There are an estimated 7,500 wild elephants in Sri Lanka, but the best bet of getting up close and personal with one is Udawalawe National Park, which has a permanent herd as well as many others passing through.
There are plenty of ways of making an impression but, in the animal kingdom at least, size matters. Even from a distance, this one is huge, not as large as his African cousins, but still vast and powerful enough to dwarf anything he encounters.
Sharpened lenses trail his every move as he delicately forages for food, tolerating his celebrity like a reluctant movie star. Yielding to the hungry stares or perhaps just ready for his close-up, he saunters casually towards us, navigating each giant step with cumbersome aplomb. ‘The elephant’s a gentleman,’ wrote Rudyard Kipling and, as this one comes ever closer, I can only hope he was right.
Visited by more than half a million people every year, the elephants of Sri Lanka’s Udawalawe National Park are well used to human interaction and this magnificent mammal shows no fear. He approaches our safari-style Jeep and stops to meet my gaze head-on in an uncompromising stare. Like knots in wood, his eyes are buried deep in wizened skin. They dance with flecks of bronze and are filled with empathy, wisdom and compassion. In this brief but moving exchange, I am humbled: it’s as if he has cast light into a place that prefers to be kept in the dark. I came to see him, but instead he sees me.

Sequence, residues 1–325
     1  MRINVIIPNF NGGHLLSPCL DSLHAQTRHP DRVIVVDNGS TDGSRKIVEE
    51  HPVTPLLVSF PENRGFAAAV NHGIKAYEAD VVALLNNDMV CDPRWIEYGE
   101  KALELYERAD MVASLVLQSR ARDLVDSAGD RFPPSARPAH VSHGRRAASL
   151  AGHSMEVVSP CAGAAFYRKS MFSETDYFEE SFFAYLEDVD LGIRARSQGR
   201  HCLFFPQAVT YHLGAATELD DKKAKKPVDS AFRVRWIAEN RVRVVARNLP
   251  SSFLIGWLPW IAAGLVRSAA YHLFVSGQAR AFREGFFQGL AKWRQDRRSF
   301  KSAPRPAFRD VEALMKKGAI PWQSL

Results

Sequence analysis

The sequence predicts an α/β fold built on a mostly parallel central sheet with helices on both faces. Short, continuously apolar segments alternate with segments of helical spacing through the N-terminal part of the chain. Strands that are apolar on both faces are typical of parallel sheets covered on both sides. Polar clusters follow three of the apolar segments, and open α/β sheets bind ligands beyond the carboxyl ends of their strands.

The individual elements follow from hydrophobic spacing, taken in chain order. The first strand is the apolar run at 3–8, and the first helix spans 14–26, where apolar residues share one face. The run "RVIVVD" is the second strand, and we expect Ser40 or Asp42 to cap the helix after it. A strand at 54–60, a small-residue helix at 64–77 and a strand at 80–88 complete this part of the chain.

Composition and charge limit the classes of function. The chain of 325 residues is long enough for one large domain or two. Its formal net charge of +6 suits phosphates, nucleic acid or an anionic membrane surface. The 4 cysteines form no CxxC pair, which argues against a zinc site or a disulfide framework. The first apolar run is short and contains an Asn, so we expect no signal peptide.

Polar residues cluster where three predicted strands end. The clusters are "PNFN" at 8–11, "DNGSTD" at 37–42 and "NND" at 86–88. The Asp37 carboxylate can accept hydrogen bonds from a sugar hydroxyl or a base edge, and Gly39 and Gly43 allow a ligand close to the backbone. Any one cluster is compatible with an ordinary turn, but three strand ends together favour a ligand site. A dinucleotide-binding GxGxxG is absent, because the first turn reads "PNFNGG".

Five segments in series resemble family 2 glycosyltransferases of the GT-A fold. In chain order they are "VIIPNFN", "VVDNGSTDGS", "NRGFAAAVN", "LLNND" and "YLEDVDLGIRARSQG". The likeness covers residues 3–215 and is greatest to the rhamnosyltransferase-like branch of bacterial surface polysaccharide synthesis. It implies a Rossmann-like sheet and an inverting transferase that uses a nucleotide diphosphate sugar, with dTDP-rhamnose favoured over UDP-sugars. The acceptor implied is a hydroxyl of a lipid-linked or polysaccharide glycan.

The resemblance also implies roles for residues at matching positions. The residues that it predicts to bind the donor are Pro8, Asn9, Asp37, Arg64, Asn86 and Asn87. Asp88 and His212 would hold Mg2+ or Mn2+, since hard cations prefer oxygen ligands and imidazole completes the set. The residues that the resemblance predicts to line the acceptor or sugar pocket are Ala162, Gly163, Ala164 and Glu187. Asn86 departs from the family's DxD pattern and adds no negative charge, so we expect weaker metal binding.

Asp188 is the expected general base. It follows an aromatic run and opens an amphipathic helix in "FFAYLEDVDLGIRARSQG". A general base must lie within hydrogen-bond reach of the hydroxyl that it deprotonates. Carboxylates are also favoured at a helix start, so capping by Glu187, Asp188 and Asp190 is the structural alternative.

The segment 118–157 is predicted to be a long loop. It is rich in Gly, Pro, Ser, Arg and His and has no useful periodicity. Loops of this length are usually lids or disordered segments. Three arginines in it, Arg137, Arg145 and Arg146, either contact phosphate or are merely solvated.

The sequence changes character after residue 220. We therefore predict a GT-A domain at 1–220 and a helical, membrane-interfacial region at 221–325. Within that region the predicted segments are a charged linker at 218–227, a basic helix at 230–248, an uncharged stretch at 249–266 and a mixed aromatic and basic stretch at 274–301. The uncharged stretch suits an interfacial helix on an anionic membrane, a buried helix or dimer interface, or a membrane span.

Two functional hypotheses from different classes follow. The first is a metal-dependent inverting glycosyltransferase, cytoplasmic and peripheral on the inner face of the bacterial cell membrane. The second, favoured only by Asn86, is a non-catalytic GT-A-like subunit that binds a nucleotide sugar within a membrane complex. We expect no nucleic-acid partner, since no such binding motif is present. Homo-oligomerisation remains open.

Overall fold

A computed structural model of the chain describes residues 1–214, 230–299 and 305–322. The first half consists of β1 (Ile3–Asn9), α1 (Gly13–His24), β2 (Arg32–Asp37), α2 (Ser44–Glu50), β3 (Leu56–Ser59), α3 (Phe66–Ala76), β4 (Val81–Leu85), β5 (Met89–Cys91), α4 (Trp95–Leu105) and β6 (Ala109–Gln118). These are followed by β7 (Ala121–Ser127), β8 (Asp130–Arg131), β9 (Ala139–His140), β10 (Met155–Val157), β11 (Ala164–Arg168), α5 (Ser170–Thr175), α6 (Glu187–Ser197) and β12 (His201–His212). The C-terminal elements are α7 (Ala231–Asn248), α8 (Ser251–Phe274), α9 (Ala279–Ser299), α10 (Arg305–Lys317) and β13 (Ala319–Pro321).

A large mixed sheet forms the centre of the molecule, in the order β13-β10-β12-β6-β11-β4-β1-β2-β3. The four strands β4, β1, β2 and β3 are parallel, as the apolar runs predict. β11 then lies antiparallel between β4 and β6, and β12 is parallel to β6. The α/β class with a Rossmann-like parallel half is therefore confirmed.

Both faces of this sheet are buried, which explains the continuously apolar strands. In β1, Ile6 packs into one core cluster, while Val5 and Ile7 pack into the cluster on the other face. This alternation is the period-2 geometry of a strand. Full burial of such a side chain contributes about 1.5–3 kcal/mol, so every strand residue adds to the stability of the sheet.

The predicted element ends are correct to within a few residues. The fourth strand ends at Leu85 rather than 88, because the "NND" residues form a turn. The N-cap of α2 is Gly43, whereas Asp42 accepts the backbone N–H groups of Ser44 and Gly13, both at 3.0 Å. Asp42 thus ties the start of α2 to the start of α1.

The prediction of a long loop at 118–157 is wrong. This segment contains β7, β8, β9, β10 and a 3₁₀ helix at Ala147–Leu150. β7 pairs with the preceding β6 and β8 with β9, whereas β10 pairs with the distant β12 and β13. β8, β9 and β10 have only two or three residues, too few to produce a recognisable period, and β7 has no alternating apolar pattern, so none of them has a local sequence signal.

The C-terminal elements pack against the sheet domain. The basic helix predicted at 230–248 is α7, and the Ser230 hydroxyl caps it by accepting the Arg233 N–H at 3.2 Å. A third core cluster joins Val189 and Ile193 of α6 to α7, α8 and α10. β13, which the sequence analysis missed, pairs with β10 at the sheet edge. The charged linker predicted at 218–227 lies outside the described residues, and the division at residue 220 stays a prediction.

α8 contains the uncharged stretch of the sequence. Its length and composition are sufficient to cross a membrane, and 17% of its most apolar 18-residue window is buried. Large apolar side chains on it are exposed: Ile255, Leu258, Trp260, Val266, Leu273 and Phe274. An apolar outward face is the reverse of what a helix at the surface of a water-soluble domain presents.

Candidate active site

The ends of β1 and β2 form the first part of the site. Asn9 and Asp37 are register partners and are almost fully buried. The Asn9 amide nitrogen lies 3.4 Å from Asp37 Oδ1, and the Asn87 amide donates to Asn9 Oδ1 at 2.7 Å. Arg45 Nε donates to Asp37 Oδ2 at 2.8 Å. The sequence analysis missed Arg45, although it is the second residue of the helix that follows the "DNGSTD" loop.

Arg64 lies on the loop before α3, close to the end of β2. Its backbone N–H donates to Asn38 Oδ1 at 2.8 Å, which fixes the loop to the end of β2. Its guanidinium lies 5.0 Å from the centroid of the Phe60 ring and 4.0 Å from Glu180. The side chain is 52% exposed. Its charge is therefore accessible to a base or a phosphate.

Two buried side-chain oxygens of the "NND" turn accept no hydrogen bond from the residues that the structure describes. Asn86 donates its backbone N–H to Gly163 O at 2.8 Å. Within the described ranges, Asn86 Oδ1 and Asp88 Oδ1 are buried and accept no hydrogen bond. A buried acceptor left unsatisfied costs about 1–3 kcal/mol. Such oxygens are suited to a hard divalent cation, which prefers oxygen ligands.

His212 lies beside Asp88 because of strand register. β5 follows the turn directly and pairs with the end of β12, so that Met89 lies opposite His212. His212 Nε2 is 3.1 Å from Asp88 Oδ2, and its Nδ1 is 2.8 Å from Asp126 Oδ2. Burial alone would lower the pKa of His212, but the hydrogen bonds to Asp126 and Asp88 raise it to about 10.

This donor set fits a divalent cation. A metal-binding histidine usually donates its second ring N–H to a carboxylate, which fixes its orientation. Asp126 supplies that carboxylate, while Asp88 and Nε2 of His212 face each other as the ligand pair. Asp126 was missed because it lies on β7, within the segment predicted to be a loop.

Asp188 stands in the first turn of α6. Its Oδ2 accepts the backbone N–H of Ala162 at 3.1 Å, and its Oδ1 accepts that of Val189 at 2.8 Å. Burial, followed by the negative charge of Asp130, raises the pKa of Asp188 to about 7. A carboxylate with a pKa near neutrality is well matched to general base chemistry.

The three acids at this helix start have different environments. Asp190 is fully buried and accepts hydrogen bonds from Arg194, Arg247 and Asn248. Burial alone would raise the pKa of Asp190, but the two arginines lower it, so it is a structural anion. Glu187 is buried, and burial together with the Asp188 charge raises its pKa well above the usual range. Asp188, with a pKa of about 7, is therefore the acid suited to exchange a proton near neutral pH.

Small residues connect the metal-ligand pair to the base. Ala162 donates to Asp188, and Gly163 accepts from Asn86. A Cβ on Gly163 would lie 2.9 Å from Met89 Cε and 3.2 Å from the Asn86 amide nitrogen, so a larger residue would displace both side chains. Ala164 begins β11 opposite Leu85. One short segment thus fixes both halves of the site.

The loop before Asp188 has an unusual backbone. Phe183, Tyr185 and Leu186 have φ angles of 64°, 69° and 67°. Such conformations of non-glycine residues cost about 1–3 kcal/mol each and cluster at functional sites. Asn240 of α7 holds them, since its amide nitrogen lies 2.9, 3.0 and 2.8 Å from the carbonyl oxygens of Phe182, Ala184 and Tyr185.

This story first appeared in The Seductive Sri Lanka Issue, available in print and digital.
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Covering 120 square miles of thorny-shrub jungle and grasslands on the boundary of Uva and Sabaragamuwa Provinces, Udawalawe National Park was established in 1972 to provide sanctuary for wild animals displaced by the construction of the Udawalawe Reservoir on the Walawe River. Some 100 miles from the capital Colombo, the park and its bountiful supply of water are a mecca for the hundreds of species of flora and fauna that call it home, including a permanent herd of around 250 elephants.
An early arrival guarantees a better chance of having more of the park to myself, so by pre-booking my safari pick-up I avoid the bunfight of drivers touting for business and skip straight to collecting my guide. We rumble in soon after dawn, when the sun has yet to reach its most ferocious and the animals are active. Gorgeous iridescent peacocks are the first to greet us, posed flamboyantly in the trees like glamorous gargoyles, followed by the breathtaking sight of a large elephant herd trundling across the plain. It’s a majestic scene and one that brings some of the group close to tears.
It doesn’t take an expert to spot elephants or water buffalo (although you might need a magician to find a leopard). The park is rich in wildlife great and small – so long as you know where to look. Our guide Kasun is a man of few words but, damn, does he have good eyes, picking out everything from grey hornbill and eagles to butterflies and spotted deer before I’ve blinked. While adept at trekking, Kasun is less practised at explaining the bigger picture.